After more than three months of anguish and activism, the people of Nova Scotia are getting a full public inquiry into the worst mass killing in recent Canadian history.
This inquiry will wrestle with questions around the deaths of 22 people in mid-April, 13 of them women. Among them: how the gunman and arsonist’s alleged history of violence against women was overlooked. The murders came after the killer handcuffed and brutally assaulted his girlfriend following an argument. In the weeks after the deaths, former neighbour Brenda Forbes said she had warned police about the killer’s domestic violence and stash of weapons years ago and that the warning fell on deaf ears.
The public probe is a necessary step in moving forward as a community, says Jenny Wright, a Newfoundland-based member of the Canadian Femicide Observatory for Justice and Accountability, which tracks and analyzes homicides of women and girls in this country. But it’s also a crucial chance to more broadly examine misogyny’s role in the murders of so many Canadian women.
“The inquiry is for the families to understand and to heal, and for Canadians to drop the narrative that this was a senseless one-off incident,” she says.
The mass murder happened at a time when Canada is experiencing a rise in domestic violence, thanks in part to the restrictions and tensions brought on by the COVID-19 lockdown.
One in 10 Canadian women reported being concerned about the possibility of violence in the home during the pandemic. Violence against women has surged over the past few months — a 30% increase globally — along with an uptick in these types of homicides nationwide. Femicide, the killing of a woman or girl, usually by a man, happens every other day in Canada, and, on average, a woman is killed by her male partner every six days in Canada, an act typically preceded by many warning signs. Since the beginning of April, more than a dozen women have been killed by a current or former partner across the country.
While other forms of violent crime in Canada are declining, domestic homicide rates have held steady for the past 40 years, and marginalized women are disproportionately affected. (Intimate partner violence makes up nearly one-third of all police-reported violent crimes in Canada, according to Stats Can.)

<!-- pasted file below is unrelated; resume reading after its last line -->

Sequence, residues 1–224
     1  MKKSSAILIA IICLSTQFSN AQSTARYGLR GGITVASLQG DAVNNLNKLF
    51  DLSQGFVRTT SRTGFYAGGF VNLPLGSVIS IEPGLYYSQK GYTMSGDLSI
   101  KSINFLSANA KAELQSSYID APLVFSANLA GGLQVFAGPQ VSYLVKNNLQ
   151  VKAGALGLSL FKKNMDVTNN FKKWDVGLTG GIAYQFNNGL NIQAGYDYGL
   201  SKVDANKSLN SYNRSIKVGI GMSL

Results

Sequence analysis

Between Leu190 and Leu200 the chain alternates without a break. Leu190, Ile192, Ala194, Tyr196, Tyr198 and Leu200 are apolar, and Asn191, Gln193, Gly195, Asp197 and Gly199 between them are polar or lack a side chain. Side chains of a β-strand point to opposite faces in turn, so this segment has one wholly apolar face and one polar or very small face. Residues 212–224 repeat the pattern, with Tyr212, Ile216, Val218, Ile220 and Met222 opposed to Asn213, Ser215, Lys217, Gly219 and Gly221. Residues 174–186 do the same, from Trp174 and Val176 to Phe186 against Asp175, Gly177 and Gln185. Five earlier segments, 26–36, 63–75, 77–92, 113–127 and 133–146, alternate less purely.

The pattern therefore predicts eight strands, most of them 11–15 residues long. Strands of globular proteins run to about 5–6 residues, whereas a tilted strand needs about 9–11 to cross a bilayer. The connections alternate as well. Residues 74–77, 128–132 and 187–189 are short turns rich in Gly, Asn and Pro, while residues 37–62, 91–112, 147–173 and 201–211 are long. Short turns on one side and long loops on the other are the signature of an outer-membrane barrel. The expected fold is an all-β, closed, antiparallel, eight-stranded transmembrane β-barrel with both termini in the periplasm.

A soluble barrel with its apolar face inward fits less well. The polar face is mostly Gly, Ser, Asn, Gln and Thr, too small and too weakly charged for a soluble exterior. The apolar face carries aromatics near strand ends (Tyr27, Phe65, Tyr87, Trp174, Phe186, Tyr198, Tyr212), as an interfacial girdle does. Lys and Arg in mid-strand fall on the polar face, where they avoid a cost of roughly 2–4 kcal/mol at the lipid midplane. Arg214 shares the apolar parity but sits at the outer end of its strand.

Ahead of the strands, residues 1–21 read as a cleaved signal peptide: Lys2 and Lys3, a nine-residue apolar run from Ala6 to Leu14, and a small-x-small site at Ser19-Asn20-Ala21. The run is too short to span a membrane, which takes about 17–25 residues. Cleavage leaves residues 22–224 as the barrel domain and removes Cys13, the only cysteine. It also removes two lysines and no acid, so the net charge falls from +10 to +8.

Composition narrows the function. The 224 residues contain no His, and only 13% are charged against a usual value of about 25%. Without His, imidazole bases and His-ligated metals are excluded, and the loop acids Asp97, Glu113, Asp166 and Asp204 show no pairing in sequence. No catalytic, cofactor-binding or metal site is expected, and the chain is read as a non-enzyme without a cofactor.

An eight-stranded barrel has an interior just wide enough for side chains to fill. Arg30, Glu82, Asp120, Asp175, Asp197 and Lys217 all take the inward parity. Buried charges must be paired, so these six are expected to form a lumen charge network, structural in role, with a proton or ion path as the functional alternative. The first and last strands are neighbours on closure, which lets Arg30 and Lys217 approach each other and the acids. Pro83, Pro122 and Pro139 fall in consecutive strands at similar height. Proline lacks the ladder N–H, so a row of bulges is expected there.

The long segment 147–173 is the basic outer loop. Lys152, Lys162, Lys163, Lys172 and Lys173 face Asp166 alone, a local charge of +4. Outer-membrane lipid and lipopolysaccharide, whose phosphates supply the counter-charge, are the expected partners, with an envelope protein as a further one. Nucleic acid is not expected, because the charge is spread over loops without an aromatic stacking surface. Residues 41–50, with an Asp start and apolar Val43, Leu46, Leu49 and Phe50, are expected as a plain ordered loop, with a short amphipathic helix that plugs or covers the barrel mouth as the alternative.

“There has been no change in decades,” Wright says. “We now have decades of amazing research, survivors who have courageously come forward... We have so much awareness globally. The answer to [why we’ve seen no change] is that we are okay with the levels of violence against women and girls in this country "
So what can Canada do to turn the tide on violence against women and domestic homicide? What are the hurdles we’re facing? And what will it take to see real change? The experts explain.
Public awareness is lacking
There is just not enough of it — even in the year 2020. Wright thinks a lot about how drunk driving used to be socially acceptable (despite being illegal) and then with public awareness and political will (more on that later), it is now something you would never let a friend or loved one do. “We saw a societal change [in the 1980s]. We saw political will at many levels and a groundswell that changed that,” she says. “And we have all of that evidence, all of that research [on domestic violence] and more, and yet we see no groundswell and very little change.”
Wright says public education about healthy relationships needs to start in schools. There are countless early red flags in relationships that we need to build awareness of, such as extreme jealousy or controlling behaviour disguised as gallantry, deep interest, and even love. This can creep into psychological or emotional control, extend to financial abuse, isolation, and can escalate to physical abuse.
A lack of awareness on the impact of domestic violence also keeps women from accessing help — they don’t necessarily see what’s happening to them in this way, they feel shame or take responsibility for violence they endure.
Police and courts don’t intervene in the right way, at the right time
Most provinces and territories have death review committees that study domestic violence that escalates to murder. They have plenty of data showing it’s common for victims to contact the police about violence before they are killed. “If the police don’t take those offences seriously and lay the proper charges, if the criminal courts don’t hand out appropriate outcomes, if family courts continue to give [suspected or even confirmed abusers] extensive time with their kids, then of course the behaviour continues and escalates,” says Pamela Cross, the legal director of Luke’s Place, an Ontario not-for-profit that provides legal advice to women leaving abusive situations. “How many times have you read that women have had between five to 20 contacts with the police before she was murdered?” Wright adds.